ON THE WAY HOME FROM SANTA FE – I’ve spent the past few days in at PubWest, an annual meeting of the publishing industry based in the western part of the U.S. and Canada. Name a genre, and you could find at least one publisher.
As a PubWest first-timer, I enjoyed the diverse nature of this group. Introductions typically contained statements like, “we publish literary and children’s fiction” or “we publish outdoor guides” or “we publish books about national parks,” and it was easy to see their mission. Then I would explain Chalice Press’ mission, but then, because we’re a faith-related publisher, I was asked to go a step further and explain our ministry, because clearly among this crowd, faith-based publishers are odd ducks.
“We’re 105 years old, based in St. Louis, we’re affiliated with a Protestant denomination blah blah blah,” I’d say quickly before seguing to, “but we know faith is changing, so Chalice Press wants to be the go-to publisher for Progressive Christians.”
The phrase Progressive Christians generally elicited one of two different looks:
At least nobody just turned and walked away. And better yet, nobody slugged me.
Then I would unpack the meaning of Progressive Christians: We’re inclusive and welcoming of anybody who wants to have a personal relationship with God through the teachings of Jesus Christ, and we know there are as many ways to related to God as there are snowflakes in an avalanche. We support the LGBT community. We’re broadening our offerings on social justice in areas such as gender equality, the environment, education, criminal justice reform, a living wage, and voting rights. In everything we do, we want to empower our readers to change there world in ways that make it a better, more caring place. Once I finished that definition, I got a lot of smiles and “cool!” and “that’s really great!”
What stuck with me, though, is that time after time, I had to defend Christianity while at the same time critiquing it. It’s a fine line we Progressive Christians walk, isn’t it? You know the conversation: This divisive, nasty, incendiary garbage cloaked as faith drives people to be blasé about religion in general but, even more so, hostile specifically to Christianity. And I don’t blame them.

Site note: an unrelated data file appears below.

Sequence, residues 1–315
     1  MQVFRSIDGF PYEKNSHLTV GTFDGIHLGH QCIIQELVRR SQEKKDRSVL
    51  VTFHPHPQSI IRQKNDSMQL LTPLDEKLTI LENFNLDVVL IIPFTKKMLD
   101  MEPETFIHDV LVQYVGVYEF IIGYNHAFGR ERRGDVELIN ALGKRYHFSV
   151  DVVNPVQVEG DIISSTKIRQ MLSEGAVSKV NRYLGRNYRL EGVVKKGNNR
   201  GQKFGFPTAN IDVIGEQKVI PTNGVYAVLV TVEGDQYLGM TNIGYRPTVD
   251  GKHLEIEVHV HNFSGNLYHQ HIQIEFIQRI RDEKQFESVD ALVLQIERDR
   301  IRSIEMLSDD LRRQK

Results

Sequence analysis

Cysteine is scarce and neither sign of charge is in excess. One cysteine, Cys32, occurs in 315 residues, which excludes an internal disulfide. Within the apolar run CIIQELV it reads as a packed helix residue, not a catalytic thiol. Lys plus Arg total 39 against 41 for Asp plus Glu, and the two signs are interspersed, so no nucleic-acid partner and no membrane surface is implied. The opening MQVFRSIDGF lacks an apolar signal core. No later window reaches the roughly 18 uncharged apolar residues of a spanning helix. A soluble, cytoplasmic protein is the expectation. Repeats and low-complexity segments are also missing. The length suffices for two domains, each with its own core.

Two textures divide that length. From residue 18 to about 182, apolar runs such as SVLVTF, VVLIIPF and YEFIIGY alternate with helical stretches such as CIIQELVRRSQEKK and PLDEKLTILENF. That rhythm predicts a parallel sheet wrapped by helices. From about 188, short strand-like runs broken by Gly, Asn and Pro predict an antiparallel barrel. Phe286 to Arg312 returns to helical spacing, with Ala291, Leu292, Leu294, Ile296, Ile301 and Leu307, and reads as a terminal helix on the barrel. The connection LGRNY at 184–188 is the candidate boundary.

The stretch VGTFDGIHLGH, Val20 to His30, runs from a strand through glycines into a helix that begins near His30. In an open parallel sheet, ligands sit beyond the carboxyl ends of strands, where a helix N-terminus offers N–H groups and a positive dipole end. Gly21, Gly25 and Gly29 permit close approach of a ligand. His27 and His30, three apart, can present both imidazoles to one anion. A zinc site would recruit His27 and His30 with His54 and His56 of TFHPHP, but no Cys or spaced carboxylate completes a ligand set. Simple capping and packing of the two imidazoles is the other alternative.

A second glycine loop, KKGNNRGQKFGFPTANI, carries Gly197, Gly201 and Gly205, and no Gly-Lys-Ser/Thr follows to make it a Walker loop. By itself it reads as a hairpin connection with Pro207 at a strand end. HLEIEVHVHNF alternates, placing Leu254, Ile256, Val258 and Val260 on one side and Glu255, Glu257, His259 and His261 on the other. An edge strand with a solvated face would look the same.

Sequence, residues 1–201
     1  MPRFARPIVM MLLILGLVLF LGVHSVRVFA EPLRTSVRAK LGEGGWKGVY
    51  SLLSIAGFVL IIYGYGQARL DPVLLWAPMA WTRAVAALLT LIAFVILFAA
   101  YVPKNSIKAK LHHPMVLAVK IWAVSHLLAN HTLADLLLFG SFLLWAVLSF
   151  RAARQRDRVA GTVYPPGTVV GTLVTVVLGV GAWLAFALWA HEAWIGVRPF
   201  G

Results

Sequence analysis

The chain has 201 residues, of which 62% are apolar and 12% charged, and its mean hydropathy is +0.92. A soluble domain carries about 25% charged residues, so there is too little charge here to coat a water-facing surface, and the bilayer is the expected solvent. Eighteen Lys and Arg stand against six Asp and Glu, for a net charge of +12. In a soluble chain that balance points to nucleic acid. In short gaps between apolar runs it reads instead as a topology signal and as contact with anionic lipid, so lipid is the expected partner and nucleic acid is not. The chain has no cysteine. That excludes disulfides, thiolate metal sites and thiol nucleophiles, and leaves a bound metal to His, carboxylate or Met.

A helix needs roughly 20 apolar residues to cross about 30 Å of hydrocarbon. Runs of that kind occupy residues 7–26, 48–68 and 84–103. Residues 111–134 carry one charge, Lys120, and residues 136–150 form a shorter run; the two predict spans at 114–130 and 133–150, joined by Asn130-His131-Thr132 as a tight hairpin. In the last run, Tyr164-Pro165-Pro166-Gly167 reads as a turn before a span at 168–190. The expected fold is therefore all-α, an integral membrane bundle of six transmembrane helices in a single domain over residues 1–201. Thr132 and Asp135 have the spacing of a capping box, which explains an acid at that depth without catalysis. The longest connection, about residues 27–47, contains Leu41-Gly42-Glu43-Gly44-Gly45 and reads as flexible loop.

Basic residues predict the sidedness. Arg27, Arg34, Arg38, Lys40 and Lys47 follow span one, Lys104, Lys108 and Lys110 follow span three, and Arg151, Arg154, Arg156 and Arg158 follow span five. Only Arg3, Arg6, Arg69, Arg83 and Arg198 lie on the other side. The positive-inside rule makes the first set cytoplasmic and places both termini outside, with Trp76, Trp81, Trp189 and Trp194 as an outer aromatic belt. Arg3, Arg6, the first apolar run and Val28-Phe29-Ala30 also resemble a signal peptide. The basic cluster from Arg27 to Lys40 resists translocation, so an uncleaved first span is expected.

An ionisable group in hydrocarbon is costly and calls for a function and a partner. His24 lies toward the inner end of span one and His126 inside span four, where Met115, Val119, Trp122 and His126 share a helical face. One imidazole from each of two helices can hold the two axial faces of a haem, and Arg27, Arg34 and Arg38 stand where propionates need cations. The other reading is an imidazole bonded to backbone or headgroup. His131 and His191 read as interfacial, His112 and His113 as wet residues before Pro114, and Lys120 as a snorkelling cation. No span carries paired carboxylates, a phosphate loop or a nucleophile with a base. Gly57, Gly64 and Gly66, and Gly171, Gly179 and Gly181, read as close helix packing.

Try this exercise to view the world like a publisher: When you look at bookstore shelves, you see what readers are most likely to buy. Most of the time, the books you see represent the market pretty well. Now, in that bookstore you’re envisioning, walk over to the Religion and Spirituality section. The books you’re likely to notice first are from conservative pastors, often proclaiming social-morality agendas, or megachurch pastors powered by multi-million-dollar marketing budgets. When publishers see which books represent Christianity, no wonder they think Christians are all so ridiculously conservative!
The great thing about publishers and editors and marketers and designers and others who work in the publishing industry is that they are all, at heart, curious. They gave me the opportunity to explain Chalice Press’s work and mission, and then they asked thoughtful, challenging, but respectful questions. And in the end, I didn’t meet a single person who criticized what we do. My favorite response was “I knew there were some good Christians out there!”
I cannot report any baptisms or conversions or speaking in tongues at PubWest, but I can report that a good number of people may go home from Santa Fe remembering that there is at least one Christian publisher doing things differently, working to tell the world that our diversity can unify instead of divide. I return to St. Louis with new friends, new counterparts, and new insights, but also knowing that what we are doing – and by we, I mean not just our crew at Chalice Press and our authors, but also our readers, so that includes you – is holy work, and it is making a difference in the world. Progressive Christianity in 2016 is a challenge, no question about it, but know that there are people you will never meet who are thankful for the work we all do.
 Chalice Press was one of two Christian publishers represented at the event; the other was Ave Maria Press out of Notre Dame, Indiana. PubWest believes the West starts on the banks of the Hudson River.